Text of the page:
An innovative computer hacker stuffs a computer inside a beaver.
No everyone knows about Cabin Culture. It is a key aspect of culture here in Minnesota, though it is certainly not confined to the North Star State. Many True Minnesotans have a cabin on a lake somewhere in their life. They either own it or a family member owns it or it is part of resort they visit often.
In the cabin is a lot of Cabin Kitch. Salt shakers that look like bears. A door knocker that looks like a fish. A match holder that looks like a loon. A foot stool that looks like (and sometimes is) a baby bear.
It used to surprise me that more cabins weren’t broken into by wildlife, especially bears, when the owners are away (which is often). We have a lot of bears in Minnesota, both in terms of density and absolute numbers. But then one day I realized why. If you are any local wild animal and you do enter a cabin, you see images of all the wildlife, including your own kind, stuffed, hung, converted to human utilitarian modalities, all around you. That would be like a human walking into Ed Gein’s house to find the lampshades and tea coseys made out of his victims. I assume there is a culture among the local wildlife that one just does not enter a human cabin and survive the psychological trauma. Just don’t do it. It is not worth it, they say among themselves.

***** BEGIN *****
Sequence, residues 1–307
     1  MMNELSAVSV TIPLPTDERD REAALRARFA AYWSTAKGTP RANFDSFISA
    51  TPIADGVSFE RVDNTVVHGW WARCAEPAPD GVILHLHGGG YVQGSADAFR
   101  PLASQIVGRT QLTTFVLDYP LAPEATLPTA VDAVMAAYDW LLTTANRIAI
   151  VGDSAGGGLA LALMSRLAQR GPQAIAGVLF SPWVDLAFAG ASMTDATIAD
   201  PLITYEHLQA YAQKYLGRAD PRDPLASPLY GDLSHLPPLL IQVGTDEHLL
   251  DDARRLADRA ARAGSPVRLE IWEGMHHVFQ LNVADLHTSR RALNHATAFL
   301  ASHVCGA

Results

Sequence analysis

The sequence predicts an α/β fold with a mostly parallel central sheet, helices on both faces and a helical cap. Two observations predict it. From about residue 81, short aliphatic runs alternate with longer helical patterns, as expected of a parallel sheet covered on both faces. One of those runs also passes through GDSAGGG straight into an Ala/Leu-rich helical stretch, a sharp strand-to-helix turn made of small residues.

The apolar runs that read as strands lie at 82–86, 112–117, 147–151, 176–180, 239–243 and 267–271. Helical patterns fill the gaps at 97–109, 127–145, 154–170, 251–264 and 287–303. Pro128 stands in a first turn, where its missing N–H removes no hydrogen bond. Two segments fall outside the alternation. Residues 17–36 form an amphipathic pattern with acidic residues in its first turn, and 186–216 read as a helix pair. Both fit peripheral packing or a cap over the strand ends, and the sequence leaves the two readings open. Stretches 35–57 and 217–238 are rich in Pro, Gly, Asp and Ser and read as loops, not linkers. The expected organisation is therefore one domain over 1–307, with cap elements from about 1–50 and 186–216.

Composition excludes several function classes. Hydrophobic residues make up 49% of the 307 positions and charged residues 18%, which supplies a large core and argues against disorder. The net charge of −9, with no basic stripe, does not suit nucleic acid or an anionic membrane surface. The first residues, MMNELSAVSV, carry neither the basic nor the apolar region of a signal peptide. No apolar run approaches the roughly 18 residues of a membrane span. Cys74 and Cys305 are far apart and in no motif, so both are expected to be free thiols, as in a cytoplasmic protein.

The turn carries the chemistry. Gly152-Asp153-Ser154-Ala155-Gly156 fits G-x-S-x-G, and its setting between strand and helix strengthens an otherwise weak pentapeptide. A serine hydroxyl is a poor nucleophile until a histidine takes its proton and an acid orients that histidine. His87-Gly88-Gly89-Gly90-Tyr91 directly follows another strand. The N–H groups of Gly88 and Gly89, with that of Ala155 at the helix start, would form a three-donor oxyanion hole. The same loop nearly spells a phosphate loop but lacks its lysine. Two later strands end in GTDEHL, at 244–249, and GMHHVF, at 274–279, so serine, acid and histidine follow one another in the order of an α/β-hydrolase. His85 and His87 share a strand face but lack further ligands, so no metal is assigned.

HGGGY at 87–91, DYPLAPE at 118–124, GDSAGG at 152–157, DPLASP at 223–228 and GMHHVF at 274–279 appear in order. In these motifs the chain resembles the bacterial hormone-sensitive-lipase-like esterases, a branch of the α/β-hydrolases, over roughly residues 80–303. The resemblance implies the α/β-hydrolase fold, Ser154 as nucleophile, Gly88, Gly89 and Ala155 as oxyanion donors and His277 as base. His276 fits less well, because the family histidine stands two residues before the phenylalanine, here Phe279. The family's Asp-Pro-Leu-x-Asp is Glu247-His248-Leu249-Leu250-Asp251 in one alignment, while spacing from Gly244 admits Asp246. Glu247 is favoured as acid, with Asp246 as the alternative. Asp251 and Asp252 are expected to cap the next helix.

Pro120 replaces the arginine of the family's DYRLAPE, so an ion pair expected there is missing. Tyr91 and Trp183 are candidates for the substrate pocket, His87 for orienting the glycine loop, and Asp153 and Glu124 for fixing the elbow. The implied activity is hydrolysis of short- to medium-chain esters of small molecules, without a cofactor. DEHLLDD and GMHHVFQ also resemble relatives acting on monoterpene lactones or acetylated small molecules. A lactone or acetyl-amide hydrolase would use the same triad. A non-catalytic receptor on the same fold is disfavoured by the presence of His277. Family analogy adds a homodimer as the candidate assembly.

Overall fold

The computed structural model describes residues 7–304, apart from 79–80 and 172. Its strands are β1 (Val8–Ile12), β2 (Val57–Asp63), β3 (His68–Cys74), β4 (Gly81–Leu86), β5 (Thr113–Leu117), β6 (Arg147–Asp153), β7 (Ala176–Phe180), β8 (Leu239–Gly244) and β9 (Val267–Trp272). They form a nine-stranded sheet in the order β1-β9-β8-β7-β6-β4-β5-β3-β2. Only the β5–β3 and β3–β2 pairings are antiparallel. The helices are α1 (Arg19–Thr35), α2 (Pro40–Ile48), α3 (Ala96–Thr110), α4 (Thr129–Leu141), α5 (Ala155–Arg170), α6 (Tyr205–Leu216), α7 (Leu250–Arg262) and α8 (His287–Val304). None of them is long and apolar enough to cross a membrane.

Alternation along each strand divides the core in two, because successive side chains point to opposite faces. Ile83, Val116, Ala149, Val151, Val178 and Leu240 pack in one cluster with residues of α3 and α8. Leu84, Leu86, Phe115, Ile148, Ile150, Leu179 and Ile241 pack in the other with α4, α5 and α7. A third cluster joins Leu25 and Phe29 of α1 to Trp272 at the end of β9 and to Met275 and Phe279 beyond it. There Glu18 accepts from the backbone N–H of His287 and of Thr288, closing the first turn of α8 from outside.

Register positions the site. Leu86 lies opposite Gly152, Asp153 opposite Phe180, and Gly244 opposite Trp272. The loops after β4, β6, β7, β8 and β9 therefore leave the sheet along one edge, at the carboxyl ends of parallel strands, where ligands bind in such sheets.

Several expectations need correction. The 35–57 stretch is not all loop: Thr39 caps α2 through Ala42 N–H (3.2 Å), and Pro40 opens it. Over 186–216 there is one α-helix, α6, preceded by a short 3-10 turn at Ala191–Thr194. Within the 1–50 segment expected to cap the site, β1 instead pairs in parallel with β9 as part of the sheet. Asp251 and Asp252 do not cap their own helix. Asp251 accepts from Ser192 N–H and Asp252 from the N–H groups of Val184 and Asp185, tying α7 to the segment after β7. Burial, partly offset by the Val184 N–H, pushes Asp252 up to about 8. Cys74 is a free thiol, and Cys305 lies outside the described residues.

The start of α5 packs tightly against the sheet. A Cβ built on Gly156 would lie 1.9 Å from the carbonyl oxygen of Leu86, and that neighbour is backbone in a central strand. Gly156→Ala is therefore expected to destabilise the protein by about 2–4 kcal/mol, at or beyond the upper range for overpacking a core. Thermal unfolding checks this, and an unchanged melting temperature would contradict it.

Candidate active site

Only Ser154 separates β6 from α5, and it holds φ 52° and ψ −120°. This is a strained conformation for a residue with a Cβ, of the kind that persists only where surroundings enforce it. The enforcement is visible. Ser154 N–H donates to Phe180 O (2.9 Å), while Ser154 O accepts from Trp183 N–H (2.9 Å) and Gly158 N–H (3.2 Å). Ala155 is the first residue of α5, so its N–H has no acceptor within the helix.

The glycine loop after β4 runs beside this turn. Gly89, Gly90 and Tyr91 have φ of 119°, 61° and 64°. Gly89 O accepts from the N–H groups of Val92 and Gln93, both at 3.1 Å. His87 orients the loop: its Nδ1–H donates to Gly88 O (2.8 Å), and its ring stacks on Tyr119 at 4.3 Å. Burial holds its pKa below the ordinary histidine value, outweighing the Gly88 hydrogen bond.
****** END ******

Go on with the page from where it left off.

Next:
Anyway, the photo provided above is a beaver serving as a computer case. More and more cabins have Internet connections and computers, so this is a good idea. It also give you something to do with the extra beavers.
By the way, beavers run about the same price as a lower-end computer case. But to use one as a computer case, you need to order it special, because the trappers will normally skin the animal in a way unsuitable for use in electronic kit building. Do not try to acquire your own beaver. First, they are much more dangerous than they look when cornered, and second, they tend to carry tuluremia, which is easily transmitted to humans.
I found this handy computer tech tip at Geekology. Geekology, in turn, found it on another web site that I will not give you the link to because it has an offensive ad delivery mechanism.